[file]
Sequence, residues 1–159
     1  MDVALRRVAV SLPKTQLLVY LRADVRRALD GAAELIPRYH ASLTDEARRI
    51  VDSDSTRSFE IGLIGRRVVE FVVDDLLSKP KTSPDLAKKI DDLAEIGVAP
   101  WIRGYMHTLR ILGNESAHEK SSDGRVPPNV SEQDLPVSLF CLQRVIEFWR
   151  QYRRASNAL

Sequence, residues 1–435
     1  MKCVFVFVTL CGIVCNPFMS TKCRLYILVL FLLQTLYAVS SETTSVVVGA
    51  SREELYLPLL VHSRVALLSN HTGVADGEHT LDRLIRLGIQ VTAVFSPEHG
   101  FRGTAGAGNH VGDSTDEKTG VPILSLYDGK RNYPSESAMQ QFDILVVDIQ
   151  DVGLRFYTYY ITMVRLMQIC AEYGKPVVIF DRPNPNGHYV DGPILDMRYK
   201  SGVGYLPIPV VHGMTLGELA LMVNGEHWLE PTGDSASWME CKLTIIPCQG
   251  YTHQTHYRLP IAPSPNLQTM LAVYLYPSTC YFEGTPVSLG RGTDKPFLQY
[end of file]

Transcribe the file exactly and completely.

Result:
Sequence, residues 1–159
     1  MDVALRRVAV SLPKTQLLVY LRADVRRALD GAAELIPRYH ASLTDEARRI
    51  VDSDSTRSFE IGLIGRRVVE FVVDDLLSKP KTSPDLAKKI DDLAEIGVAP
   101  WIRGYMHTLR ILGNESAHEK SSDGRVPPNV SEQDLPVSLF CLQRVIEFWR
   151  QYRRASNAL

Sequence, residues 1–435
     1  MKCVFVFVTL CGIVCNPFMS TKCRLYILVL FLLQTLYAVS SETTSVVVGA
    51  SREELYLPLL VHSRVALLSN HTGVADGEHT LDRLIRLGIQ VTAVFSPEHG
   101  FRGTAGAGNH VGDSTDEKTG VPILSLYDGK RNYPSESAMQ QFDILVVDIQ
   151  DVGLRFYTYY ITMVRLMQIC AEYGKPVVIF DRPNPNGHYV DGPILDMRYK
   201  SGVGYLPIPV VHGMTLGELA LMVNGEHWLE PTGDSASWME CKLTIIPCQG
   251  YTHQTHYRLP IAPSPNLQTM LAVYLYPSTC YFEGTPVSLG RGTDKPFLQY